Sunday, November 11, 2012

I Change Lives, You Don't

You know how 18 year old kids when they declare "education" as their major say they do so because they want to "change the lives of children?"

I always got a kick out of that because you effectively have children claiming they're going to change the lives of children slightly younger than them...and usually for the worse because they themselves have nowhere near the real world experience to make them adults and therefore impart practical and helpful wisdom upon the youth.

So you can imagine the warm fuzzies when I got this review about "Worthless" from a 17 year old kid:

"Worthless" by Aaron Clarey is perhaps the most eye-opening book I have ever read. As a 17 year old high school senior, I, along with many of my friends, receive very little guidance in choosing our major. Everyone tells us that we can truly make it with whatever we choose, and that our major will be more than our moneys worth. "Worthless" provides the disillusionment that we might not want, but absolutely need when picking our major. All of Clarey's explanations make logical sense, and while his slightly annoying Republican side occasionally emerges, his tone is mostly a blunt honesty that is a shower of wisdom. Read this book, then give it to someone else who needs to pick a major, and perhaps eventually everyone will know the truths within the university system.

I'll admit an inch of warm fuzzies and pride, but what gets me though is that these counselors and STILL not telling these kids the truth.

You education (ahem, COUGH COUGH, WHEEZE WHEEZE!!!) "professionals" want to help "change the lives" of children?

Here's something revolutionary-

Instead of changing them for the worse, how about you tell them the truth and change their lives for the better.  They'll appreciate it more and be less likely to cut your social security and public pension when they get older and see just how valuable the "education" you gave them was.


Anonymous said...

"...and while his slightly annoying Republican side occasionally emerges..."

What the frig does that mean!??!!? Cap, you need to create a sequel to your book...and send it to the munchkin...he needs to be further decontaiminated!


Anonymous said...

I gave a copy to the neighbor's kid, who is headed off to college. Now I'm thinking of giving one to my coworker, who's daughter has decided to change majors from computer science (after two years studying it) to psychology. Note: His daughter is NOT gonna cut it as a stripper....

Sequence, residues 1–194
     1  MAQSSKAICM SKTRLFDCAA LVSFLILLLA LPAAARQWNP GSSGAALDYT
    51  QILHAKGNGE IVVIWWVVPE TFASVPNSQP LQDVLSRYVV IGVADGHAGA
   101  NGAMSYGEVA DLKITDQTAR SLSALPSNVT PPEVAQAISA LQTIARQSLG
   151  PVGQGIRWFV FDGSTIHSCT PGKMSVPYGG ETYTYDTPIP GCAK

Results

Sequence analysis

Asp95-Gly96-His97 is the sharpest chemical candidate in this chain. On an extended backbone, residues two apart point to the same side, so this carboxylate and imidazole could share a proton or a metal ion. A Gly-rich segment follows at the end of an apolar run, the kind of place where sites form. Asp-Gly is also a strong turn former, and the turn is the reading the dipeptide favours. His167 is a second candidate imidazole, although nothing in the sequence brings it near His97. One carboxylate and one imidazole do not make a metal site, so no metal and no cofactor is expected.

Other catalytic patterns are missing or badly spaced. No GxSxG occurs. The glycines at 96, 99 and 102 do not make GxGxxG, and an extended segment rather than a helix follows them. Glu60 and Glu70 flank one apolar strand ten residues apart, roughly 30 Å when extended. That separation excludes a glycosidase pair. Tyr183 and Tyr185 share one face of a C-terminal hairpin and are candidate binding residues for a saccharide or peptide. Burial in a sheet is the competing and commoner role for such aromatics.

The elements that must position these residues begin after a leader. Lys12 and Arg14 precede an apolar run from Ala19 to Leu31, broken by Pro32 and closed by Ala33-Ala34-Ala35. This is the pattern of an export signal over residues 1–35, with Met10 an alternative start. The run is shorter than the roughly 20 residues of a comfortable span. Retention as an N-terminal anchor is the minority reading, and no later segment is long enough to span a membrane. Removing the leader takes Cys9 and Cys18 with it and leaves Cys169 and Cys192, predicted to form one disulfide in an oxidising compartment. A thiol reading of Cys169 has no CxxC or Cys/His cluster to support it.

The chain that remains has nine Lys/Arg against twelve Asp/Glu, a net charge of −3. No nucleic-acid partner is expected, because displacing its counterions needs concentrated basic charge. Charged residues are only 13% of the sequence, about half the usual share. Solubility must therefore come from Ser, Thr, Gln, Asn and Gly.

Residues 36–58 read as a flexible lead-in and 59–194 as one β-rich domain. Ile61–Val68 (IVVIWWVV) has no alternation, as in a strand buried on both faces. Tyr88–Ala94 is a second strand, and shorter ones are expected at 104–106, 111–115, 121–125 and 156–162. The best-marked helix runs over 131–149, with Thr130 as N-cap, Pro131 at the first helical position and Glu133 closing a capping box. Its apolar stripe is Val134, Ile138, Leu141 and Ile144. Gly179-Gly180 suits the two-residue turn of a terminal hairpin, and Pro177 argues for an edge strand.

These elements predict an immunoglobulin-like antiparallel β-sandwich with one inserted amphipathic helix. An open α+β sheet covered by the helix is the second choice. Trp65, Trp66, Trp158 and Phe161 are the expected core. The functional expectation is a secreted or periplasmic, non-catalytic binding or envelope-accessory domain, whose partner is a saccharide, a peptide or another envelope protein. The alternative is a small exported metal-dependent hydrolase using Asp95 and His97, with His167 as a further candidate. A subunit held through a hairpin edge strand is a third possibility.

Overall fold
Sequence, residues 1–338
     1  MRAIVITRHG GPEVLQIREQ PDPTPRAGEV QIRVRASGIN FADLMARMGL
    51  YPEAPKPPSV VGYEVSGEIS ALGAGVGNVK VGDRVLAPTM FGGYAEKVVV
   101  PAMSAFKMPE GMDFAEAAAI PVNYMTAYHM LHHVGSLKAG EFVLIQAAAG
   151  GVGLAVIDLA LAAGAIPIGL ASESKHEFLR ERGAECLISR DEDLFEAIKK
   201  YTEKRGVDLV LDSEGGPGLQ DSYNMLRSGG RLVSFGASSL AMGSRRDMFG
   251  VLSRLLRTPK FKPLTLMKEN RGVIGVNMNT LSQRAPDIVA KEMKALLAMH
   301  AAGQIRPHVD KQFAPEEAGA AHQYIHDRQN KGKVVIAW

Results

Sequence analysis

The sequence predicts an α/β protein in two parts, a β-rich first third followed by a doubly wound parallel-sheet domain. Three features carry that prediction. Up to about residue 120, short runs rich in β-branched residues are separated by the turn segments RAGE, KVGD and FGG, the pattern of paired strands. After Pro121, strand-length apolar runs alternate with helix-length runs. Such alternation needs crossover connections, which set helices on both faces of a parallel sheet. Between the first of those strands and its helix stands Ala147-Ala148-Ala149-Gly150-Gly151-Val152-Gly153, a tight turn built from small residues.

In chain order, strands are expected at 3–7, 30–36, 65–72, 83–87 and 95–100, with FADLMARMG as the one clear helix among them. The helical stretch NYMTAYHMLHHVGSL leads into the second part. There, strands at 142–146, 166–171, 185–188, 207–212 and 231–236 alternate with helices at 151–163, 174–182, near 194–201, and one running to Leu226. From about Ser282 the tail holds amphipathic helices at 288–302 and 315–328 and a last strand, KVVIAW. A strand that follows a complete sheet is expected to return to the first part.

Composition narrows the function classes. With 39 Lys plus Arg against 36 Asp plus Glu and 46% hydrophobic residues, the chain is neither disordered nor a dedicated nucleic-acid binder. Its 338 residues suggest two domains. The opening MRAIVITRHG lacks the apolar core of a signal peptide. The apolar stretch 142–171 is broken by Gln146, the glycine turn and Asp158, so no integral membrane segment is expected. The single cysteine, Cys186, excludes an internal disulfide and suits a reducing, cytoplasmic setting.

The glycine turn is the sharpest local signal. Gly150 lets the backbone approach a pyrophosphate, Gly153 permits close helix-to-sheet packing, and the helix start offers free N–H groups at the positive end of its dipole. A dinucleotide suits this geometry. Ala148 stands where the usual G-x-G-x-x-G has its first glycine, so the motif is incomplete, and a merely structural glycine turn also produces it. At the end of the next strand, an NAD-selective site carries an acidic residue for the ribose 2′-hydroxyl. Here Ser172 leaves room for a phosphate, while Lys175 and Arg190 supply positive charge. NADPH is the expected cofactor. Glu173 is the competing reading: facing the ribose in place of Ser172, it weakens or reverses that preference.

Captain Capitalism said...

Oh let the kid get his digs in. We can handle it.

Unknown said...

Most of my high school teachers and my guidance counselor meant well, but you hit the nail on the head when you see they've had no real world experience outside of their academic profession. My guidance counselor never asked me about what I wanted to study in college or whether any of my plans would be viable in the real world or whether I'd even be able to pay my student loans back at all. There wasn't enough oversight or honesty on their part.

Ironically, the overweight papaprofessional who I've mentioned several times here warned me about Boston University, one of the schools I had applied to, and how Boston happens to be one of the most expensive cities in the country and the various mistakes college freshmen tend to make. She seemed to have one of the best grips on reality out of most of the school faculty I had talked to at the time. I could tell that she never wanted to get into her profession to begin with and was somehow trying to save me from making a mistake that would have made me end up in her position.

By the way, I've always wanted to read The General Theory of Employment, Interest, and Money just for the sake of learning the other economic arguments out there. Would you recemmend doing that or should I take everything Keynes said with a grain of salt? I'm still trying to get through Thomas Sowell's Basic Economics first.

Captain Capitalism said...

That gal sounds like somebody you should listen to there Roberto.

As for reading Keynes work, NO.

Not because i disagree with him, but reading that or "The Wealth of Nations" is SOOOOO DRY and boring that unless you have a degree already it wont' make a lick of sense.

Start with Basic Economics, Cappy Cap, "Economics in One Lesson" Khan's Academy, that stuff will help you out more.

Then, MAYBE go on to read the "classics" however, I think they're slowly becoming obsoleted.

Vicomte said...

Reading Worthless as a non-college educated twenty-two year-old was fun. I thought of everyone I knew who had just graduated and was all 'That sounds about right...'.

I have to say, though, Cap, you haven't been exactly motivational in regard to my potential return to school.

Still kicking the medical idea around in my head.

Cogitans Iuvenis said...

Cap'n you should write a book titled.

"My Annoying Republican Side"

with a sub-headline.

"All the things you need, but don't want, to hear about college, finance, and economics."

Anonymous said...

Cap'n - Just finished listening to you windows movie Capitalism vs. Socialism. Ran across it while I was cleaning up my PC.


As for:
"...and while his slightly annoying Republican side occasionally emerges..."

I'm not sure the Cap'n is ever 'slightly annoying', 'fullbore annoying' is more like it.

And Republican? I'd call you 'rational libertarian'

Anonymous said...

This is a great comparison of Keynes vs Smith. Smith reads as well as ever. Keynes needs footnotes.

But, both of them were from beta male eras, and only know of that perspective.